Facebook lets users comment on new terms of service

Facebook is asking its members to help shape its governance policies after drawing their ire for a policy change that many perceived as being overbearing and potentially compromising privacy.

From now on, the social networking site will be guided by a set of principles that reflect its dedication to transparency and openness in communication, Facebook said on Thursday.

Two draft documents are being put to test under what Facebook Chief Executive Mark Zuckerberg called a "new model of governance."

The "Facebook Principles" lay out the startup company's philosophy on privacy and control of information, while the "Statement of Rights and Responsibilities" are operating guidelines based on its big-picture stance.

Any Facebook member can access these proposals on the site and opine on them over the next few days. The networking site will incorporate people's reviews when firming up governance policies. Future policy changes will follow the same democratic model, the company said.

"It's a big statement that we trust users and we want their involvement in the process," Zuckerberg said in an interview.

The move comes after thousands of people reacted angrily to a revision in Facebook's terms of service earlier this month that suggested it was asserting permanent control over people's personal information even after they quit the site.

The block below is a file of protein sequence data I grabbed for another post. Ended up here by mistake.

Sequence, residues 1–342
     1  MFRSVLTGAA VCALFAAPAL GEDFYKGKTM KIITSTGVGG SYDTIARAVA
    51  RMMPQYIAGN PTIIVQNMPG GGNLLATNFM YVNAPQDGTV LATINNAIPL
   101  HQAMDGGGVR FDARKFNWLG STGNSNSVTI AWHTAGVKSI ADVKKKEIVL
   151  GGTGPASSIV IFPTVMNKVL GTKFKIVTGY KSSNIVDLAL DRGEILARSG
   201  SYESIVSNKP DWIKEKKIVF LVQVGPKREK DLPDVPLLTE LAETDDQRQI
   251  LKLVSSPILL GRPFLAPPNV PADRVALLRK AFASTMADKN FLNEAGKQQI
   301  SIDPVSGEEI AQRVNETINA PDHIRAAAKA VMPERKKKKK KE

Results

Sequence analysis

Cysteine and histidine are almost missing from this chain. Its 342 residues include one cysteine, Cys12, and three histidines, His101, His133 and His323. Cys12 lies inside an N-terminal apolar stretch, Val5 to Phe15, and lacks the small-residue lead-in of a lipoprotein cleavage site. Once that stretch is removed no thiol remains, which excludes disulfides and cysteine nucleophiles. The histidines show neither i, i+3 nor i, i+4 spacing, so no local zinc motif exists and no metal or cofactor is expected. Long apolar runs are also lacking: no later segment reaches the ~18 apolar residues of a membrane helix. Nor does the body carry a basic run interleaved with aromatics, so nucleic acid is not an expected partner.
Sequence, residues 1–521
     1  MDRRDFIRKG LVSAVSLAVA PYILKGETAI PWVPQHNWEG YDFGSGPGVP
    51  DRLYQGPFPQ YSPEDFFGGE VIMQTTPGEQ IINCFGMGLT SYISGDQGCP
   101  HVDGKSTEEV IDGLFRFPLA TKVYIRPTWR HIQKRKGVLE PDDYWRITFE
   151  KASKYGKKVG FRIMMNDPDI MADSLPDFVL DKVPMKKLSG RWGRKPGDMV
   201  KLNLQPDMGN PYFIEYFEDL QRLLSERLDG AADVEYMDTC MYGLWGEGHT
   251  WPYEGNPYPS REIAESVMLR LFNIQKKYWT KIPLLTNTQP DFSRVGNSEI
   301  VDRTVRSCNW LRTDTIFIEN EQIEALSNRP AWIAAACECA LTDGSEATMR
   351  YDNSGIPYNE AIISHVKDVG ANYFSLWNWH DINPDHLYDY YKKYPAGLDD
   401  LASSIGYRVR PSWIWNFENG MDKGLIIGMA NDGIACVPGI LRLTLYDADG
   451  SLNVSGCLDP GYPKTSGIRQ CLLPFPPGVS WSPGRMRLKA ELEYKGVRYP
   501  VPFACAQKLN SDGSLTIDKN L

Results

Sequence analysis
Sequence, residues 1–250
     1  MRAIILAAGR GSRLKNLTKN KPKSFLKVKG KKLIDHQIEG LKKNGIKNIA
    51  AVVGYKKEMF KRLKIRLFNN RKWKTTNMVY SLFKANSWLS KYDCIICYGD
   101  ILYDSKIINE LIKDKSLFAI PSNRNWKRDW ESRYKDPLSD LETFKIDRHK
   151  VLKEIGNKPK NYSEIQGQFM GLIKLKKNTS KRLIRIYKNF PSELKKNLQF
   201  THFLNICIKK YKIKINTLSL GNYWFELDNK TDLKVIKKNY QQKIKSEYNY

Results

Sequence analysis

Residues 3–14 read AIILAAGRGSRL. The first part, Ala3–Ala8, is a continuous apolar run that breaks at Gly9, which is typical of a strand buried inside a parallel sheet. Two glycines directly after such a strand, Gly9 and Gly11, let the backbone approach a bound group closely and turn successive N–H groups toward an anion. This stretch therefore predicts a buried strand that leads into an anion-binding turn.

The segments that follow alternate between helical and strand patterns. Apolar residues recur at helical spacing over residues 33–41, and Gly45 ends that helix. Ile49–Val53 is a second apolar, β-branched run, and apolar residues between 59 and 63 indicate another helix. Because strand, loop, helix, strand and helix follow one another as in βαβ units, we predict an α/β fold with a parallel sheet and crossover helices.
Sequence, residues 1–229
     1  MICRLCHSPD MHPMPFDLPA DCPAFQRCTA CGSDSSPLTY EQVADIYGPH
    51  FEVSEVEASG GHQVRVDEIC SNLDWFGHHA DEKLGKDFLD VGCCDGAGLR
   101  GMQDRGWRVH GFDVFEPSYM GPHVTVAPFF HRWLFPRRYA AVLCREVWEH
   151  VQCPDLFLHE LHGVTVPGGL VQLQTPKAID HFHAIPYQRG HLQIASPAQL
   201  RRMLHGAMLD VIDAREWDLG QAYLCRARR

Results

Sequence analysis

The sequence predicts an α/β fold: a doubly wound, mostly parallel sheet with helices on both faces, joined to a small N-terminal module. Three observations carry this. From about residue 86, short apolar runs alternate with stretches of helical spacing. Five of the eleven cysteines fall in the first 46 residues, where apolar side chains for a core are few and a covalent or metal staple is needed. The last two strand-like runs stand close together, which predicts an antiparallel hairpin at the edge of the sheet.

Facebook responded to the controversy last week by reverting to its old terms of service for the short term, as it solicited feedback from members and figured out how to create a new user agreement.

The new proposals make it clear that Facebook users have ultimate control over their information, including messages and photographs.

One of the 10 principles states that people should own their information and have the freedom to take it with them wherever they go, including removing it from Facebook.

The "Statement of Rights and Responsibilities," which replaces the old terms of use, translates the principles into specific rules.

Simon Davis, director of Privacy International, a watchdog organization, said it was a "bold move" on Facebook's part. "The devil will be in the detail, but, overall, we applaud these positive steps," he said.